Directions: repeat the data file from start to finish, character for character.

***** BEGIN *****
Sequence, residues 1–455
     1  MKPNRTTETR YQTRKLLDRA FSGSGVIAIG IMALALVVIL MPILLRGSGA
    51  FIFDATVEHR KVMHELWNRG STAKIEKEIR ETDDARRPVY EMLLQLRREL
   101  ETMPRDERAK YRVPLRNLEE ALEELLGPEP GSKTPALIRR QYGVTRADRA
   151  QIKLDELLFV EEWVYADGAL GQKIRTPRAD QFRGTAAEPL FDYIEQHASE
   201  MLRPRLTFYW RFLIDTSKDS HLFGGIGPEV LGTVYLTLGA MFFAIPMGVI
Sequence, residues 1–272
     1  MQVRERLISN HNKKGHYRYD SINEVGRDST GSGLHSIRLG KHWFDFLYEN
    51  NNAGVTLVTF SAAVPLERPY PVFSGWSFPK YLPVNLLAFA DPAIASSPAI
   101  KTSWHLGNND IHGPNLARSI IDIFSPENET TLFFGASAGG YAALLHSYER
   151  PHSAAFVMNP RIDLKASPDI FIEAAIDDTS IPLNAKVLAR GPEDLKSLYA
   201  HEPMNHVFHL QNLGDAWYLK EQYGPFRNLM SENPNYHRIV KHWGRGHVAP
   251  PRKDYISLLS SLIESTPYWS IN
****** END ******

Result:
Sequence, residues 1–455
     1  MKPNRTTETR YQTRKLLDRA FSGSGVIAIG IMALALVVIL MPILLRGSGA
    51  FIFDATVEHR KVMHELWNRG STAKIEKEIR ETDDARRPVY EMLLQLRREL
   101  ETMPRDERAK YRVPLRNLEE ALEELLGPEP GSKTPALIRR QYGVTRADRA
   151  QIKLDELLFV EEWVYADGAL GQKIRTPRAD QFRGTAAEPL FDYIEQHASE
   201  MLRPRLTFYW RFLIDTSKDS HLFGGIGPEV LGTVYLTLGA MFFAIPMGVI
Sequence, residues 1–272
     1  MQVRERLISN HNKKGHYRYD SINEVGRDST GSGLHSIRLG KHWFDFLYEN
    51  NNAGVTLVTF SAAVPLERPY PVFSGWSFPK YLPVNLLAFA DPAIASSPAI
   101  KTSWHLGNND IHGPNLARSI IDIFSPENET TLFFGASAGG YAALLHSYER
   151  PHSAAFVMNP RIDLKASPDI FIEAAIDDTS IPLNAKVLAR GPEDLKSLYA
   201  HEPMNHVFHL QNLGDAWYLK EQYGPFRNLM SENPNYHRIV KHWGRGHVAP
   251  PRKDYISLLS SLIESTPYWS IN